Tell us something about your educational background.
On completing my MBBS from the All India Institute of Medical Sciences, I went to the US for further studies.I did five years of post graduate surgical training in New York starting from 1972. The entire training was completed through a group of hospitals affiliated to Downstate Medical School and Albert Eisenstein Medical College. I then took special short training at New York University and John Hopkins Medical School. After completing all the requirements, I sat for the certifying examination of the American Board of Orthopaedic Surgery in 1977 and passed on my first attempt.

After completing your medical studies, where did you start your career as a doctor?
My first job after returning home was at the Shanta Bhawan Mission Hospital where initially my services were entirely voluntary. I worked there from 1978 to 1982. That is where I realized the severe shortcomings in health care in Nepal. There I also met Dr. Archie Fletcher, an American missionary surgeon. He had a strong influence on me and was my motivating force to stay and work in Nepal.

How did you move on to starting your own practice and your own hospital?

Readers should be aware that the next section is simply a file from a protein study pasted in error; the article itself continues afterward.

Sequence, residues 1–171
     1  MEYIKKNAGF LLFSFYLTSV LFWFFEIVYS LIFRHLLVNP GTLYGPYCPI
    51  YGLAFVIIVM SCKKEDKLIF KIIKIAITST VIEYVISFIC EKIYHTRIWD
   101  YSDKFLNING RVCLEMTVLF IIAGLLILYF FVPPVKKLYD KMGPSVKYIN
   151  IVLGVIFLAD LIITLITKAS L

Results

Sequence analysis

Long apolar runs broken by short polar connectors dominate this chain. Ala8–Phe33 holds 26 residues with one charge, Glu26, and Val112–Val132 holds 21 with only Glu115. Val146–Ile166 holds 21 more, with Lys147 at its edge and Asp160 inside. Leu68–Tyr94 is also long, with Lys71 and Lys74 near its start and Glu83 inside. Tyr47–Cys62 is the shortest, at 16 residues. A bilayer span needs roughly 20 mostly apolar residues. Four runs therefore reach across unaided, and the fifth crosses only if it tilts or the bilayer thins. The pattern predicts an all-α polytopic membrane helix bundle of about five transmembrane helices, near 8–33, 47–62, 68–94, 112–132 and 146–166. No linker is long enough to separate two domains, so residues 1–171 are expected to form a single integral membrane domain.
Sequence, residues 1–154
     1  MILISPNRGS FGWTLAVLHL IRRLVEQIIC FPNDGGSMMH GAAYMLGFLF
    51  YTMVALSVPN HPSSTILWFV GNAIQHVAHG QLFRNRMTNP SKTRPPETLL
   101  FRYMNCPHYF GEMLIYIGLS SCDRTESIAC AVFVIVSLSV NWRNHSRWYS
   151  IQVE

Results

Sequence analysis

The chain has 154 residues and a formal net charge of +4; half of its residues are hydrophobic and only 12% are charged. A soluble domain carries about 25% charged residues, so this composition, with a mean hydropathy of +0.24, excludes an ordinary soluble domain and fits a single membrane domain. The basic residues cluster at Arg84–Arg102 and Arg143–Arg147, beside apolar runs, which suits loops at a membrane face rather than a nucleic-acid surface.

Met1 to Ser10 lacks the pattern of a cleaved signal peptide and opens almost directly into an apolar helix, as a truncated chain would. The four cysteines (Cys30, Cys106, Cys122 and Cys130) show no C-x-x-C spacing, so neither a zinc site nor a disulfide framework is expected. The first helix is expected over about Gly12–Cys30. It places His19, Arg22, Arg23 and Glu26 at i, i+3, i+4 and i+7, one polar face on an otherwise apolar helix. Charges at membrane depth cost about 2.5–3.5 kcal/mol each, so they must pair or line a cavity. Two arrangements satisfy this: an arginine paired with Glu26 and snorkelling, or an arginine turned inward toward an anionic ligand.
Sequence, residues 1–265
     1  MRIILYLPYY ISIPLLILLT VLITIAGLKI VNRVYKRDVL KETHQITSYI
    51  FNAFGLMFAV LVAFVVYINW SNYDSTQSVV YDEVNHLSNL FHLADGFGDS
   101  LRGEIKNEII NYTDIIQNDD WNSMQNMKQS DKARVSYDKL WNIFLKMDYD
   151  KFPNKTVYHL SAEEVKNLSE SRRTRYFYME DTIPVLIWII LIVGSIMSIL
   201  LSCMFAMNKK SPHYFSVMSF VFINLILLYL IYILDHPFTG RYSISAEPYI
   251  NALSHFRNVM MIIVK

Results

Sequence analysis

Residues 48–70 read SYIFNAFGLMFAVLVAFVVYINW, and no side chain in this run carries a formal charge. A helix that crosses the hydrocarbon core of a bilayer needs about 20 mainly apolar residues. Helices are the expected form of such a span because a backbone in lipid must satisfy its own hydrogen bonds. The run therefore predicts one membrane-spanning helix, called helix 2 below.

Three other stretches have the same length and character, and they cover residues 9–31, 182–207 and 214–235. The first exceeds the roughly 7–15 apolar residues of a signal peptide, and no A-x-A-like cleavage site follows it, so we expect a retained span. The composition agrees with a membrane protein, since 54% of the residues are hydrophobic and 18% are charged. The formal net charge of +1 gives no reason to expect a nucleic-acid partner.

With a partnership of four people, we started the Kathmandu Nursing Home in 1986. This was a pioneering venture in organized private medical and surgical care in Nepal. I also did the first ever Total Hip Replacement in Nepal in a 1990. The Hospital and Rehabilitation Center (HRDC) was opened in 1985 for the poor needy children of Nepal and I am involved in the service delivery and development. This center is run by “The Friends of The Disabled” of which I am the founding chairman. This center is in Banepa. My close friendship with Dr Jagdish L.Baidya also led to our joint venture, the B & B Hospital in Satdobato, Ring Road. This we achieved after closing down Kathmandu Nursing Home. Today B & B Hospital and HRDC are affiliated with Kathmandu University and undergraduate and post graduate medical training is imparted at these institutions.

How do you divide your time between your surgeries, voluntary work and your teaching?